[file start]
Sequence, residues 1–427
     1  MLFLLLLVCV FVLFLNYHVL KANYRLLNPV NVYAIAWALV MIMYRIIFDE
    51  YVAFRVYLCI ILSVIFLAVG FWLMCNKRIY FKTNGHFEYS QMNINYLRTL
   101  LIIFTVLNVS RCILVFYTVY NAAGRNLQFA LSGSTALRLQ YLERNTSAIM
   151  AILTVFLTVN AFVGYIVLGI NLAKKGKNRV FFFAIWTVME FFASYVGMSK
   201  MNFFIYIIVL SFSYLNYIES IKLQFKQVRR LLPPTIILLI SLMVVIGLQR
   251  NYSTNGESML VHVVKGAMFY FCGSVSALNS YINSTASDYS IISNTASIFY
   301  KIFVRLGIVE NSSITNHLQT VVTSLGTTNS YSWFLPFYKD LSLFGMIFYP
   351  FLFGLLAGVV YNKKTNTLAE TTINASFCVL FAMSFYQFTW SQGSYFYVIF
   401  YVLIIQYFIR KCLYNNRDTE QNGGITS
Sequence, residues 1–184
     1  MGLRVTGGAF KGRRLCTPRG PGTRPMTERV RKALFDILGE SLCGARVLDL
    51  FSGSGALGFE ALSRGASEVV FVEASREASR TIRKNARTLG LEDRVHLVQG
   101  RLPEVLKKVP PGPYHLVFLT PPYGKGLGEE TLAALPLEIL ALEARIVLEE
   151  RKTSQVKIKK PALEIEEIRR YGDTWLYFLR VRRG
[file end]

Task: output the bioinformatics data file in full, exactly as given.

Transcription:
Sequence, residues 1–427
     1  MLFLLLLVCV FVLFLNYHVL KANYRLLNPV NVYAIAWALV MIMYRIIFDE
    51  YVAFRVYLCI ILSVIFLAVG FWLMCNKRIY FKTNGHFEYS QMNINYLRTL
   101  LIIFTVLNVS RCILVFYTVY NAAGRNLQFA LSGSTALRLQ YLERNTSAIM
   151  AILTVFLTVN AFVGYIVLGI NLAKKGKNRV FFFAIWTVME FFASYVGMSK
   201  MNFFIYIIVL SFSYLNYIES IKLQFKQVRR LLPPTIILLI SLMVVIGLQR
   251  NYSTNGESML VHVVKGAMFY FCGSVSALNS YINSTASDYS IISNTASIFY
   301  KIFVRLGIVE NSSITNHLQT VVTSLGTTNS YSWFLPFYKD LSLFGMIFYP
   351  FLFGLLAGVV YNKKTNTLAE TTINASFCVL FAMSFYQFTW SQGSYFYVIF
   401  YVLIIQYFIR KCLYNNRDTE QNGGITS
Sequence, residues 1–184
     1  MGLRVTGGAF KGRRLCTPRG PGTRPMTERV RKALFDILGE SLCGARVLDL
    51  FSGSGALGFE ALSRGASEVV FVEASREASR TIRKNARTLG LEDRVHLVQG
   101  RLPEVLKKVP PGPYHLVFLT PPYGKGLGEE TLAALPLEIL ALEARIVLEE
   151  RKTSQVKIKK PALEIEEIRR YGDTWLYFLR VRRG